Union Government launches Leprosy Case Detection campaign
The fortnight-long campaign launched across 149 districts of 19 states/UTs will cover 1656 blocks/urban areas of these districts and screen a total of 32 crore people for leprosy.
Health Ministry on 5 September 2016 launched the Leprosy Case Detection campaign (LCDC) in the country. Objective of the campaign is to detect the disease early so that those affected can be saved from physical deformity.
As per the Health Ministry release about 32 crore people across 149 districts of 19 States and Union Territories will be screened under the fortnight-long campaign.
Key highlights of the campaign
• It includes, the districts having a prevalence rate of more than one case per 10000 people in the last three years.
• Around three lakh teams will visit every house in their allotted area and screen all the family members for leprosy.
• The states and UTs to be covered in this campaign include Andhra Pradesh, Assam, Bihar, Chhattisgarh, Gujarat, Jharkhand, Haryana, Maharashtra, Nagaland, Odisha, Tamil Nadu, Uttar Pradesh, Karnataka, Uttarakhand, West Bengal, Delhi, Dadra and Nagar Haveli and Lakshadweep.
• Chhattisgarh has the highest number of districts to be covered, followed by Dadra Nagar and Haveli.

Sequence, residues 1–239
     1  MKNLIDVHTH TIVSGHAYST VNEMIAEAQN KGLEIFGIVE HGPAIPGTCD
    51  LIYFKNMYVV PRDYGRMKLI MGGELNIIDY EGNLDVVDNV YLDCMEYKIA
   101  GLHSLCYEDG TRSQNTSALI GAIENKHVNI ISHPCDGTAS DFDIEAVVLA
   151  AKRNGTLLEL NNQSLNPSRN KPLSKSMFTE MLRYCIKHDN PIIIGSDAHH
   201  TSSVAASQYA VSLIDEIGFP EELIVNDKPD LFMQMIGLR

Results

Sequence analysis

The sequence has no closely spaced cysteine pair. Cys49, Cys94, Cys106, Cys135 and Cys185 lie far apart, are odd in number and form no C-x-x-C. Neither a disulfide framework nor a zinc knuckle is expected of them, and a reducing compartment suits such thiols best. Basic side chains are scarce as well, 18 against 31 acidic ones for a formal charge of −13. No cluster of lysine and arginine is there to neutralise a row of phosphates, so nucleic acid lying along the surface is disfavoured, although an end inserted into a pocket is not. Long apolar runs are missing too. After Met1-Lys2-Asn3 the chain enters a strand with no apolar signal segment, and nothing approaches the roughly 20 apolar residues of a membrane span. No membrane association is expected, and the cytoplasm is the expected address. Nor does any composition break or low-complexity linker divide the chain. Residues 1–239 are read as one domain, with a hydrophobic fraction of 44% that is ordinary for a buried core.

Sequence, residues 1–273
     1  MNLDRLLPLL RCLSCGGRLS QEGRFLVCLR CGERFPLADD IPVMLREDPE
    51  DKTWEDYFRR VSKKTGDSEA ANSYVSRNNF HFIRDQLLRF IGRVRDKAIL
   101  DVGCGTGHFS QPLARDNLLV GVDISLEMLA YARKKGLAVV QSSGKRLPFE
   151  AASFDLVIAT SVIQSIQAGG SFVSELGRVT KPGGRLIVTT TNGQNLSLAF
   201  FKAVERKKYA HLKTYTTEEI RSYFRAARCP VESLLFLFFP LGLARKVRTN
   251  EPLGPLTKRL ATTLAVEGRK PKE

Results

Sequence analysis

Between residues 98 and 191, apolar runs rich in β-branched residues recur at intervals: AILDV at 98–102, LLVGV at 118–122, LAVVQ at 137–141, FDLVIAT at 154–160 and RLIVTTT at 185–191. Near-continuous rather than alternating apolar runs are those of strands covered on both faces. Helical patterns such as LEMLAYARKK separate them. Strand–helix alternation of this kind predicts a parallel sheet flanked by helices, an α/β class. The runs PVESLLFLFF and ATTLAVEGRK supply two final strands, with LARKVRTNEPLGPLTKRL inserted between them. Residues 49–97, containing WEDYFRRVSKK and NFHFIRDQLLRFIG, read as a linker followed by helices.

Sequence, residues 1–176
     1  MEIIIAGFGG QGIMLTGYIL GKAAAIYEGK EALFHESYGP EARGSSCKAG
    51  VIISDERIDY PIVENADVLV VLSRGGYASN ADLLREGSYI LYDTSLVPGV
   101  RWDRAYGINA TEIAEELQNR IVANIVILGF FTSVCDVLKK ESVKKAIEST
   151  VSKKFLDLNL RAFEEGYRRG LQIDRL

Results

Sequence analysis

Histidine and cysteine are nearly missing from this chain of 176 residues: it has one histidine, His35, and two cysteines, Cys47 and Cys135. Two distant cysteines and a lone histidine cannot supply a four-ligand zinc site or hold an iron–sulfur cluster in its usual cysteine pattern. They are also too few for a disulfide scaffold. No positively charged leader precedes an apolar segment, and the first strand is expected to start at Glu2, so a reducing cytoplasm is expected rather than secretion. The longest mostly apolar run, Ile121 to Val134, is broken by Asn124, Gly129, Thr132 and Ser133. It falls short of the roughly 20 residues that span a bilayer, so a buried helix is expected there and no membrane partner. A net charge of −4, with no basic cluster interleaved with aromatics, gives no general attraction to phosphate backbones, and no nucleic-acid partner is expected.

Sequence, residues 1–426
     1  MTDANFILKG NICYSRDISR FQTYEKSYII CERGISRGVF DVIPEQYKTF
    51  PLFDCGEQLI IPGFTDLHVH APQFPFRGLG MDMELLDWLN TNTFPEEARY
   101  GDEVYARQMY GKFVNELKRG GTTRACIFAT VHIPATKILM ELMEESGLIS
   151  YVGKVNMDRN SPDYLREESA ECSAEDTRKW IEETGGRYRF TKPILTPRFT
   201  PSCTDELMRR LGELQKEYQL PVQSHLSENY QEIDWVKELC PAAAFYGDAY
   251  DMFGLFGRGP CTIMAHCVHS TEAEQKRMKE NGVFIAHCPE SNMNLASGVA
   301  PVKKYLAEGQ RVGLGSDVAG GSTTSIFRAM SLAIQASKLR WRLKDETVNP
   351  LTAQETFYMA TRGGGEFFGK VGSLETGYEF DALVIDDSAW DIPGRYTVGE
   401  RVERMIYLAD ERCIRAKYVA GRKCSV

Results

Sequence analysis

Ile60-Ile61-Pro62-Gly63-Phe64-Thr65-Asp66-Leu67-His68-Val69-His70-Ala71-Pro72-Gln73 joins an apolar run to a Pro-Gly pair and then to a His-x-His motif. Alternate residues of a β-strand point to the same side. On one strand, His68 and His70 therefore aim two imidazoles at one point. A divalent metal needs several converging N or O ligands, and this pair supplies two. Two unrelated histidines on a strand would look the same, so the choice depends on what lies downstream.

The first Leprosy Case Detection Campaign was launched in March 2016 in 50 districts of 7 states namely Bihar, Chhattisgarh, Jharkhand, Madhya Pradesh, Maharashtra, Odisha and Uttar Pradesh. During the campaign, around 65427 suspected cases were identified out of which nearly 4120 were later confirmed.
• It is a chronic infectious disease caused by Mycobacterium leprae.
• It is a leading cause of permanent physical disability.
• It usually affects the skin and peripheral nerves, but has a wide range of clinical manifestations.
• The disease is characterized by long incubation period generally 5-7 years.
• The effective way of preventing disability due to leprosy is timely diagnosis and treatment of cases, before nerve damage has occurred.
As per records, leprosy cases in India was reduced to one lakh in 2005 from 30 lakh in 2003, but since then there has been no remarkable achievement in terms of its complete elimination.
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